Hull’s forces did manage to inflict the war’s first casualties on the British; on July 16, a probe sent from Sandwich traded shots with British guards on the road to Amherstburg, mortally wounding James Hancock of the 41st Regiment of Foot and capturing John Dean, a badly wounded soldier. But for the better part of a month, Hull would wait, the invasion on hold.
MAJOR GENERAL ISAAC BROCK, chief administrator of Upper Canada, was charged with stopping Hull. From his headquarters at Niagara-on-the-Lake, a couple hundred miles east of Detroit, Brock could see that his situation was tenuous. The British in Canada had only a small nucleus of regulars, with the defense of Upper Canada assigned to 300 redcoats of the 41st Foot, a detachment of Royal Artillery, and Royal Newfoundland Fencibles. These troops were supplemented by provincial militia, but inconsistent pay and concern for their farms made them unreliable and even mutinous. Nor was Brock sure that the Indians, longtime allies of the British, would join the fight.
But Brock, a 43-year-old Napoleonic War veteran, was by nature a man of action—the polar opposite of Hull. While his superiors urged him to take a defensive approach, the general wanted to go on the offensive. “Most of the people have lost all confidence,” he reported. “I however speak loud and look big.”
Soon after the war’s start, Brock had set in motion an assault on the American fort on Mackinac Island, a strategic post hundreds of miles to the north that guarded the strait between Lake Michigan and Lake Huron. On July 17, a force of 45 redcoats, 150 fur traders, and 400 Indians recruited from several tribes seized Fort Mackinac almost effortlessly from an American garrison still unaware that war had begun. The victory gave the British a new forward base, but more important, it persuaded the Wyandot tribe to commit to fighting with the British.
Now, with Hull threatening Amherstburg, Brock wasn’t about to back down. In a proclamation of his own, he condemned the Americans’ “unprovoked declaration of War” and called on Upper Canada’s freeholders to keep their oath to king and country. Courting the Indians, he defended the right of the “brave bands of natives” to join the battle. While Hull had referred to the Indians as “savages,” his British counterpart pointedly argued: “They are men, and have equal rights with all other men to defend themselves and their property.”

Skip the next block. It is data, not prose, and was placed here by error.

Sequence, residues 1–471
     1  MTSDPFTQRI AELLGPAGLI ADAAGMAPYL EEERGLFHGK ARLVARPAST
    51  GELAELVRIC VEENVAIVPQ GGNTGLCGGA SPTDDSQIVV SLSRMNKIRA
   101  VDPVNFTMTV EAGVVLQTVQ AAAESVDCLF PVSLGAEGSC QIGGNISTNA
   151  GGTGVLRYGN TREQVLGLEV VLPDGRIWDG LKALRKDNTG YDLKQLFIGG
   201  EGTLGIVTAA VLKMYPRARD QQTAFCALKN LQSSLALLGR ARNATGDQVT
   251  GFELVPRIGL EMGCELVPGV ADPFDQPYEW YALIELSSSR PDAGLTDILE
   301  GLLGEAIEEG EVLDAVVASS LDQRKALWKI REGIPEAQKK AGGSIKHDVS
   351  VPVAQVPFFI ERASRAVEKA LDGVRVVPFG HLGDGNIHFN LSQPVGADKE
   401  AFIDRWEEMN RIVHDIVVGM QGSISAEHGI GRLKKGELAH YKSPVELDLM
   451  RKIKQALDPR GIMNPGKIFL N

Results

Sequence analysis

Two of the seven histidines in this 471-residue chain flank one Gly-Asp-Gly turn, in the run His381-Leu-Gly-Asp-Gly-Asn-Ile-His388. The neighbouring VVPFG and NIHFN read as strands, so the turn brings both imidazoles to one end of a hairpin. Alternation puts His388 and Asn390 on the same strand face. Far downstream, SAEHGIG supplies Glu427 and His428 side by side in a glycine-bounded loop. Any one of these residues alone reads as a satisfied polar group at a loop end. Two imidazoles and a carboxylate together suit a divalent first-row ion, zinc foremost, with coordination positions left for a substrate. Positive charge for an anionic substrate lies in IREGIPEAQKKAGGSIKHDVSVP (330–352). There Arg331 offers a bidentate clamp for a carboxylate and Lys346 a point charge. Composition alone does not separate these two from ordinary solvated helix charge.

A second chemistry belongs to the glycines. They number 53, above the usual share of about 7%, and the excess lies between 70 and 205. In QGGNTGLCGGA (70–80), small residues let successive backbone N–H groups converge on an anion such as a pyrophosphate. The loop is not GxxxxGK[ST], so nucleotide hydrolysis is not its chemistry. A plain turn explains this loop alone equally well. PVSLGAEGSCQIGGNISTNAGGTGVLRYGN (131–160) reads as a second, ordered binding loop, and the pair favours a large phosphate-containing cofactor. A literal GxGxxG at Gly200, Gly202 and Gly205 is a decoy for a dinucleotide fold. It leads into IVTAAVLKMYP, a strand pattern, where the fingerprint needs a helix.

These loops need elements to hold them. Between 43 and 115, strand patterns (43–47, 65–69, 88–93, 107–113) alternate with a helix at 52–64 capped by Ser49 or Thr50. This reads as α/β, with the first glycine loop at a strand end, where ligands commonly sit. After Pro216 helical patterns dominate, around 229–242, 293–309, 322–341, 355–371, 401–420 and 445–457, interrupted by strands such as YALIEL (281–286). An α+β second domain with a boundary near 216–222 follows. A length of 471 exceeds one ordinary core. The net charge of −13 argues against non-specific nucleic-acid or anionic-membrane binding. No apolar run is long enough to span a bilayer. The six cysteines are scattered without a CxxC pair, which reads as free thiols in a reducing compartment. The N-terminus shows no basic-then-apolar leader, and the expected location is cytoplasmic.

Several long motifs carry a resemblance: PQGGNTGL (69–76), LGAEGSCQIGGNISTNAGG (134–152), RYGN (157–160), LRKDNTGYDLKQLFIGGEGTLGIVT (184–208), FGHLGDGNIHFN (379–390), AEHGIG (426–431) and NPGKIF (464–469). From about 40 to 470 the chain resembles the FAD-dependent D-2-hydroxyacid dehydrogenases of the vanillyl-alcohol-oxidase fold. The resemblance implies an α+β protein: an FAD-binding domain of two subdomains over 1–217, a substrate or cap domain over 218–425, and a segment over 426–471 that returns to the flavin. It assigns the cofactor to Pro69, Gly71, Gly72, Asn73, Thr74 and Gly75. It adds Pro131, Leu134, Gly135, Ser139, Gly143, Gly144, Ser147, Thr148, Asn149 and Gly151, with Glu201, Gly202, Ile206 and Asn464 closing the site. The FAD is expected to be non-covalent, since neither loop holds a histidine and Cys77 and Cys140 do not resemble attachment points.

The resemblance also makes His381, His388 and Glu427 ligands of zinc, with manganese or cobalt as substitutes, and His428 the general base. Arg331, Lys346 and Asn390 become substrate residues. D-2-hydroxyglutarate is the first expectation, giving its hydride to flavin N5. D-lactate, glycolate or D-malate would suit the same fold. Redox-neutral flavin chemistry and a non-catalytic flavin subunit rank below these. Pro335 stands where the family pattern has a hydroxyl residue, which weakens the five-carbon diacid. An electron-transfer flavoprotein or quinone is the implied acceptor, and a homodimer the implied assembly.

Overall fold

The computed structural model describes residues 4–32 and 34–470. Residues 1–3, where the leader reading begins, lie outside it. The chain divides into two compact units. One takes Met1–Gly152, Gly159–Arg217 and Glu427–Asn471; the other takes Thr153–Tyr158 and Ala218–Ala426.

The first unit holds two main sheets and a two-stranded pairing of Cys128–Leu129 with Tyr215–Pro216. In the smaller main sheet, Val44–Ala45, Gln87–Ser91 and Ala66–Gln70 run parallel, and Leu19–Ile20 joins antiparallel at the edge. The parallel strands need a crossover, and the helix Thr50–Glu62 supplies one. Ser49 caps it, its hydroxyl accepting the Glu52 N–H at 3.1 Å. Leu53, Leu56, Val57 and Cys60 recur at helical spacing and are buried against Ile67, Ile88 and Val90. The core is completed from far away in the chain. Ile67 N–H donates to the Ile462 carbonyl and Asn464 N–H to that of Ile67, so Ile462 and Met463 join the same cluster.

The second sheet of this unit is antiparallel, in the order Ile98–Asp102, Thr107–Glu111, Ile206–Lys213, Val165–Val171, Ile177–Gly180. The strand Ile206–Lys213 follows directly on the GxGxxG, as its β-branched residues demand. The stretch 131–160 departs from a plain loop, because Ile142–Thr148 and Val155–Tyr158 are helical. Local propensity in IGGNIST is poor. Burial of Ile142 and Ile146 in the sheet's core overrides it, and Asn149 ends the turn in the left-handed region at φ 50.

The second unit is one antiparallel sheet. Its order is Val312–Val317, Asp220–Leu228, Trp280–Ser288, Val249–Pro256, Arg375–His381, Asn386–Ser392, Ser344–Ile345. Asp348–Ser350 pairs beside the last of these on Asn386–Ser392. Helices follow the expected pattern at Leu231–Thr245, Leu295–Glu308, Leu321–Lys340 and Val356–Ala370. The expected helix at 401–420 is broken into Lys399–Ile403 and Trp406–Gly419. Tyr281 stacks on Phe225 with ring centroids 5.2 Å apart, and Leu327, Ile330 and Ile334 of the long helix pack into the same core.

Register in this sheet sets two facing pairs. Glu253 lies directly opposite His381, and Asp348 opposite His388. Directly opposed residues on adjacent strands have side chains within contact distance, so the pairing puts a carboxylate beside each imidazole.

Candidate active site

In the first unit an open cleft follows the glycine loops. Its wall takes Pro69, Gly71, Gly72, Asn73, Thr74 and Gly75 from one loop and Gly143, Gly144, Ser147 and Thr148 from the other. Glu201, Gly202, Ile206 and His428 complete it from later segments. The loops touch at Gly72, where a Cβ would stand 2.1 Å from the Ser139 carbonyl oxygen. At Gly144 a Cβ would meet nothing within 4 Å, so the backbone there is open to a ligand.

Brock also went before Upper Canada’s General Assembly and obtained authorization to declare martial law and the funds to pay the militia. On August 6, he set out by boat on Lake Erie, heading west toward Amherstburg with 250 militiamen and 50 soldiers of the 41st.
Hull, meanwhile, continued to dither. Fort Mackinac’s defeated and paroled garrison arrived in Detroit by schooner on August 2, giving Hull more reason to pause. The loss, he wrote to Washington, “opened the northern hive of Indians and they were swarming down in every direction.” Though Cass and other officers in the Ohio militia urged him to advance, he instead pleaded for more supplies.
Even this decision backfired. With the supply train en route, he sent 200 Ohio militiamen to escort it to Detroit. Three miles north of the Wyandot village of Brownstown, the detachment was ambushed by 24 Indians, including Wyandots and the Shawnee leader Tecumseh. The men panicked and fled, and when the Indians finally broke off their pursuit, 18 Ohioans were dead, 12 wounded, and 70 missing.
That was August 5. Hull announced the same day that he would assault Amherstburg, but he quickly changed his mind when he learned that General Brock was coming west. And on August 8, Hull, abandoning the eagerly anticipated invasion, began a withdrawal to the American side of the Detroit River. He even proposed giving up Detroit and falling back to the south, closer to supply bases and reinforcements, but the Ohio militia officers rejected that idea.
Although Hull’s invasion of Canada was essentially over, he did manage to score one more victory, albeit in Michigan. As his forces pulled back to Detroit, he sent another party to escort the expected supply train. On August 9, the 280 regulars and 330 Ohio militia led by Lieutenant Colonel James Miller were confronted south of Detroit near the village of Maguaga by 150 soldiers of the 41st Regiment and Canadian militiamen, as well as 65 Potawatomis. Things went badly for the redcoats. Well drilled but lacking combat experience, they mistook movement in the woods as an American flanking attempt and traded shots with their Indian allies. Though their commander ordered a charge, the men misinterpreted a bugle call and retreated.
This left the Americans tactical victors of the war’s first pitched land battle. But Miller, worried about an Indian ambush and uncertain of what lay ahead, held his troops in place for two days, then retired to Detroit.
ON AUGUST 13, General Brock and his reinforcements arrived at Fort Amherstburg. Meeting Tecumseh, he was impressed by the Shawnee leader, noting that “a more sagacious or a gallant warrior does not, I believe, exist.” For his part, Tecumseh gestured toward Brock and exclaimed to his braves, “This is a man!”